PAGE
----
New Booklet Advises Taking an Active Role in Health Care Decisions
February is National Wise Health Consumer Month. To support this, the Federal
Agency for Healthcare Research and Quality (AHRQ) has produced a new booklet
with practical tips on what people can do to improve their quality of health
care services, including how to avoid medical errors. This booklet-- "Improving
Health Care Quality: A Guide for Patients and Families"-- focuses on the key
health care choices people typically make and stresses taking an active role
in all of the decisions about healthcare.
Research has shown that people who are more actively involved in their health
care get better results and feel more satisfied. According to the AHRQ, there
are some things that you should do to get more involved:
- Work together with your doctor, nurse, and any other health care providers
to make healthcare decisions.
- Ask questions, and keep asking them until you understand the answers.
- Tell your doctor about all of the medicines you take.
- Don't assume that "no news is good news" when you have an x-ray
or laboratory test. Ask the doctor or nurse when and how they will receive
the results -- and how they will deliver them to you.
- If surgery is needed, be sure that you, your primary care doctor, and surgeon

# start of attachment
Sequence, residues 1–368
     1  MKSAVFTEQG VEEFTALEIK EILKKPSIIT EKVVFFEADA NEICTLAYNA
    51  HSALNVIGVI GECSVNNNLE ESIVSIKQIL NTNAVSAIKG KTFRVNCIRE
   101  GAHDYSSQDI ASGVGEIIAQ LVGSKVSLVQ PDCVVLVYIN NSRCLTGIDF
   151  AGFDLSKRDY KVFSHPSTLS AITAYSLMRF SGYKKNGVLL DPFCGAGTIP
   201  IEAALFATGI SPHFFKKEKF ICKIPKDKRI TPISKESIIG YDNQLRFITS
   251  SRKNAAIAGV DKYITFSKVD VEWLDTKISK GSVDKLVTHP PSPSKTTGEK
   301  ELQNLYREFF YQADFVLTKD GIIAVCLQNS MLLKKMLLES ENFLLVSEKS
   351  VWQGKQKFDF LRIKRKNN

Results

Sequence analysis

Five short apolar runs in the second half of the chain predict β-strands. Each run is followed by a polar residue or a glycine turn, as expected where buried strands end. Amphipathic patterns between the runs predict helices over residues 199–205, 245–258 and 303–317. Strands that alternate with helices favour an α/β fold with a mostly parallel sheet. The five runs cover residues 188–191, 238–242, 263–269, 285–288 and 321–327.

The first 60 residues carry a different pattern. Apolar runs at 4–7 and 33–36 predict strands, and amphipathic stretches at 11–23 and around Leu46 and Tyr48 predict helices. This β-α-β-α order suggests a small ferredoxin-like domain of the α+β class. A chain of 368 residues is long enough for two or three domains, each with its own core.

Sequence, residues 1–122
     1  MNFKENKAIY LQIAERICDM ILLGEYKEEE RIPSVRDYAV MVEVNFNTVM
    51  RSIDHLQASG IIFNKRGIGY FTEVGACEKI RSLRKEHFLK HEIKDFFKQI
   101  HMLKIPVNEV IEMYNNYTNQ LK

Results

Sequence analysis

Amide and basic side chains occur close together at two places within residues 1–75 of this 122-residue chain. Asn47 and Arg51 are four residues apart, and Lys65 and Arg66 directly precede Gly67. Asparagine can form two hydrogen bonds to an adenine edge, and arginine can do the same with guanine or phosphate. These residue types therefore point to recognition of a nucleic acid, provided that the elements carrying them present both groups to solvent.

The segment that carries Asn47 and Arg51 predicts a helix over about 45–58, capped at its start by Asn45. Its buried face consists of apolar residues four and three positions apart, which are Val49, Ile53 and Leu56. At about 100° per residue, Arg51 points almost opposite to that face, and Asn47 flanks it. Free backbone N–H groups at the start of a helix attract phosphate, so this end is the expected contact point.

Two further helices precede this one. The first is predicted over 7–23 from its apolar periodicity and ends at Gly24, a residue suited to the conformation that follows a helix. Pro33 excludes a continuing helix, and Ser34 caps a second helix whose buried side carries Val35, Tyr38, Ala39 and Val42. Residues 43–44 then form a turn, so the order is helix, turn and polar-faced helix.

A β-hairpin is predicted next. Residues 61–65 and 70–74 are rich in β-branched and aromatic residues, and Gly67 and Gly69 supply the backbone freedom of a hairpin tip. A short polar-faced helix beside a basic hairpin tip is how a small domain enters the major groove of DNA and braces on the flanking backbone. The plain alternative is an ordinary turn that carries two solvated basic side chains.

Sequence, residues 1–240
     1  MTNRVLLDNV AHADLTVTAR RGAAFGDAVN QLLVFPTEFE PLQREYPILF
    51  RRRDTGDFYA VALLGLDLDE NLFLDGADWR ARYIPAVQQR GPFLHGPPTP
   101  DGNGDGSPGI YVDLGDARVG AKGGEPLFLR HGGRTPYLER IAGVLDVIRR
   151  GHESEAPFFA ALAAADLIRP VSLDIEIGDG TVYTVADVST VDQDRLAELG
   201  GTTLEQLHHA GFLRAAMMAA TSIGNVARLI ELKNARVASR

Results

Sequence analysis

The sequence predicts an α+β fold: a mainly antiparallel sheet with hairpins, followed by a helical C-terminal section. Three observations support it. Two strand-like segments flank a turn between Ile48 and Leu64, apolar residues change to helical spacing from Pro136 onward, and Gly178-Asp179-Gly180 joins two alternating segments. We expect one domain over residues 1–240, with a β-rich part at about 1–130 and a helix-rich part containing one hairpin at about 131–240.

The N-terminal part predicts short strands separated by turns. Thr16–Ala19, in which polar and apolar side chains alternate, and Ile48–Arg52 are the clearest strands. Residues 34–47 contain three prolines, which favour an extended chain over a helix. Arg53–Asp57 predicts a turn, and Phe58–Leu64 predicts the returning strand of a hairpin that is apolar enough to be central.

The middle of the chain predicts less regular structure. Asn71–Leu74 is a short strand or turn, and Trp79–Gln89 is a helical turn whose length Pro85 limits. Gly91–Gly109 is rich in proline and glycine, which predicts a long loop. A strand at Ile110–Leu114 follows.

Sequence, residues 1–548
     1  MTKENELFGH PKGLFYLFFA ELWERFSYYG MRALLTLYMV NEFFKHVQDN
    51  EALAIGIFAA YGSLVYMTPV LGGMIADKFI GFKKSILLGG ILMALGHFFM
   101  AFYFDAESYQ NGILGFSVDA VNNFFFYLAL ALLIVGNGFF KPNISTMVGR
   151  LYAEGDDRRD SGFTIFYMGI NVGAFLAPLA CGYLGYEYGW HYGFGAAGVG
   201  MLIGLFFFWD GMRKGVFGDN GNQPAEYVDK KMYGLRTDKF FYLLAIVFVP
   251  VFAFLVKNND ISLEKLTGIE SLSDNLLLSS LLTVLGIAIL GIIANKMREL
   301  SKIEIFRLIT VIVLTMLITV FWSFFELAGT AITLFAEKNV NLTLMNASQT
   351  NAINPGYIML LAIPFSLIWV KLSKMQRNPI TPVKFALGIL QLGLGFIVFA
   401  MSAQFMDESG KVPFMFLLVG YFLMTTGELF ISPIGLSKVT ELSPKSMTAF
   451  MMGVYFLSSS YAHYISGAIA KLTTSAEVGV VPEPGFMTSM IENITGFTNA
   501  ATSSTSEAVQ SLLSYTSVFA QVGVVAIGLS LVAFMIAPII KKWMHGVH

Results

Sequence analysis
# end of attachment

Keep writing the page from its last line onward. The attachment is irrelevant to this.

all agree on what will be done.
- Know that "more is not always better." Be sure to find out why
a test or treatment is necessary, and how it can help.
- When making health care choices, find and use information about quality
This new publication is based on research about the information people want
and need when deciding about their care. The material in the booklet is presented
in an easy-to-read style, and it also describes other resources available on
quality of care. Copies are available free of charge by calling the AHRQ Publications
Clearinghouse at 1-800-358-9295 (410-381-3150 for international calls), or by
writing to AHRQ Clearinghouse, P.O. Box 8547, Silver Spring, MD, 20907. In addition,
this guide can also be found on the AHRQ
Created: 2/26/2001  - Donnica Moore, M.D.